Rathbone was subsequently awarded a “Tony” for his portrayal as Dr. Sloper in the Broadway play, “The Heiress”.
Although having entered the twilight years of his acting career, Rathbone was still an exceptionally busy man, appearing in a multitude of Television shows as well as the occasional film, including “Casanova’s Big Night” (1954); “The Court Jester” (1955); “Tales of Terror” (1962) and “A Comedy of Errors” (1964), while also touring the United States of America with his one-man show, “ An Evening with Basil Rathbone”. Sadly, Rathbone suffered a heart attack in New York on the 21 July 1967, and so came to an end the life of this gifted South-African-born actor who will, ironically and perhaps not to his liking, be remembered for his portrayal as that most determined of sleuth’s, Sherlock Holmes.
Next, we have Louis Hayward, born Seafield Grant, in Johannesburg, South Africa, on the 19 March 1909. Hayward was educated in England and on the Continent, and after deciding upon acting as a career, he was backed in his endeavours by the famous British playwright and film producer, Noel Coward. Following a spell with the British film industry, Hayward subsequently journeyed across the Atlantic to New York, and Broadway. His exposure there brought him a Hollywood film contract, acting in his first American film, “The Flame Within” (1935). However, Hayward’s first major role was as the dashing officer, Denis Moore, in “Anthony Adverse” (1936). But, perhaps his most notable role was that of the Simon Templar character in the “Saint in New York” (1938), appearing the following year in the “The Man in the Iron Mask” (1939), and in the “The Son of Monte Cristo” (1940). During the Second World War, Hayward joined the U.S.Marine Corps, commanding a photographic unit that filmed the Battle of Tarawa in a documentary entitled “With the Marines at Tarawa”, earning him the U.S. Bronze Star. Hayward later returned to Hollywood and appeared in Agatha Christie’s “And Then There Were None” (1945), which was a resounding success. Additional movies included “The Fortunes of Captain Blood” and “House by the River”, where-after he ventured into the realm of television, acting in the captivating television series, “The Lone Wolf”.He eventually took leave of the thespian arts in the mid-1970s, subsequently succumbing to lung cancer at Palm Springs, California, on the 21 February 1985.
Then there was Cecil Kellaway, yet another South African-born actor of the 1930s and 1940s. Kellaway was born in Cape Town (The “Mother City”), South Africa, in 1890. His films include Wuthering Heights (1939) – as Earnshaw ; Intermezzo (1939) – as Charles Moler; The Invisible Man Returns (1940) – as Inspector Sampson; The House of the Seven Gables (1940); Brother Orchid (1940); The Mummy's Hand (1940); The Letter (1940); A Very Young Lady (1941); I Married a Witch (1942); It Ain't Hay (1943); Mrs. Parkington (1944); Practically Yours (1944); Love Letters (1945); Kitty (1945) as Thomas Gainsborough; The Postman Always Rings Twice (1946) – as Nick Smith (an absolute classic); Unconquered (1947); The Luck of the Irish (1948) ; Joan of Arc (1948) and Portrait of Jennie (1948). Like fellow South African-born actor, Basil Rathbone, Kellaway was nominated for two Oscars for Best Supporting Actor, for his roles in “Luck of the Irish” (1948), in which film he played the role of Horace, and “Guess Who’s Coming To Dinner” (1968). Cecil Kellaway acted well into the 1960s, and died in Hollywood, California, in February 1973, aged seventy-nine-years.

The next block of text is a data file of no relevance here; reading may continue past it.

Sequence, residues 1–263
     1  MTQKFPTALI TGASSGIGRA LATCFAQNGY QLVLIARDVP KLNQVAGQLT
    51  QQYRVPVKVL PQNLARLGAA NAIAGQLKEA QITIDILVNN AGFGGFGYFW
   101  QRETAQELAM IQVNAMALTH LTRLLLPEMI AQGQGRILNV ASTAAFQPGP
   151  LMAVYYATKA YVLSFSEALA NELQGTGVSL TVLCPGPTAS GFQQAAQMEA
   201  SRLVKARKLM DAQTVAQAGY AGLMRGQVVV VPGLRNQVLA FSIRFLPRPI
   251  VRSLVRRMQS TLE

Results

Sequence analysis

another South African-born actor was Ian Hunter. Standing six-feet tall and graced with grey eyes and brown hair, Hunter was also born in Cape Town, on the 13 June 1900, during the Second Anglo-Boer War, and first achieved a reputation on the English and American stage before his screen debut in 1934. He appeared in the film, “The Ring” in 1927, but he is best remembered for his appearances in “That Certain Woman” (1937) with Bette Davis; “The Adventures of Robin Hood” (1938), as King Richard the Lionheart; “The Little Princess” (1939), as Captain Reginald Crewe and “Dr. Jekyll and Mr. Hyde” (1941) as Dr. Lanyon. Hunter returned to the Robin Hood genre in the 1955 Television series The Adventures of Robin Hood in the recurring role of Sir Richard of the Lea. He also appeared in “The Battle of the River Plate” in 1956, as Captain Woodhouse of H.M.S. Ajax .
Last, but certainly by no means least, we have Bruce Lester (born Bruce Somerset Lister), who was born in Johannesburg in 1912. He received his education in England, and began his acting career in London in the mid-1930s, his first film being “The Girl in the Flat” (1934). A string of B-movies followed, including “To Be a Lady”, “Death at Broadcasting House” (1934), “Crime over London”,”Mayfair Melody” (1937) and “Thistledown” (1938).
He then moved to Hollywood and it was then that his name was changed to “Lester”.
His Hollywood films included “Boy Meets Girl” (1938);and ”Pride and Prejudice” (1940),appearing as the charming “Mr Bingley”.
During WWII Lester was to appear in typical propaganda-movies of the time, including “A Yank in the RAF”; “Eagle Squadron” and “Desperate Journey”,which starred Errol Flynn, and after the war acted in a few more films before opting to work as a story analyst for Paramount Pictures, passing away in June 2008, aged 96.
So when your eyes next alight upon South Africa’s “Golden Girl”, Charlize Theron, please spare a thought for those other South African denizen’s of the “Silver Screen”, who during the 1930s and 1940s not only wooed countless fans but upheld South Africa’s name with pride. Here’s to these intrepid South African-born film pioneers of the 1930s and 1940s. May their names live forever more.